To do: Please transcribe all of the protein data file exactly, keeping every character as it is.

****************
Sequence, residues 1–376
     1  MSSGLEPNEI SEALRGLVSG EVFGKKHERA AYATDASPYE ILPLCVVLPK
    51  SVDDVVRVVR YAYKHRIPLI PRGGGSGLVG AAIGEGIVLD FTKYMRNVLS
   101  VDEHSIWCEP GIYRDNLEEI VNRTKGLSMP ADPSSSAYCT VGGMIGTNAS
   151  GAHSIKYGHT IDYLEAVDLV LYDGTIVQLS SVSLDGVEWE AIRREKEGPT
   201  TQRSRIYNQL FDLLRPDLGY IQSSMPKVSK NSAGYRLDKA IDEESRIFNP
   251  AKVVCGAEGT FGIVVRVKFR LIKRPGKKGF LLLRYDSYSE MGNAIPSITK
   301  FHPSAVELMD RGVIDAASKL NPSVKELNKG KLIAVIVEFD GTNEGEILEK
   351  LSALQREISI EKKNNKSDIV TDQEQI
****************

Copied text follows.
Sequence, residues 1–376
     1  MSSGLEPNEI SEALRGLVSG EVFGKKHERA AYATDASPYE ILPLCVVLPK
    51  SVDDVVRVVR YAYKHRIPLI PRGGGSGLVG AAIGEGIVLD FTKYMRNVLS
   101  VDEHSIWCEP GIYRDNLEEI VNRTKGLSMP ADPSSSAYCT VGGMIGTNAS
   151  GAHSIKYGHT IDYLEAVDLV LYDGTIVQLS SVSLDGVEWE AIRREKEGPT
   201  TQRSRIYNQL FDLLRPDLGY IQSSMPKVSK NSAGYRLDKA IDEESRIFNP
   251  AKVVCGAEGT FGIVVRVKFR LIKRPGKKGF LLLRYDSYSE MGNAIPSITK
   301  FHPSAVELMD RGVIDAASKL NPSVKELNKG KLIAVIVEFD GTNEGEILEK
   351  LSALQREISI EKKNNKSDIV TDQEQI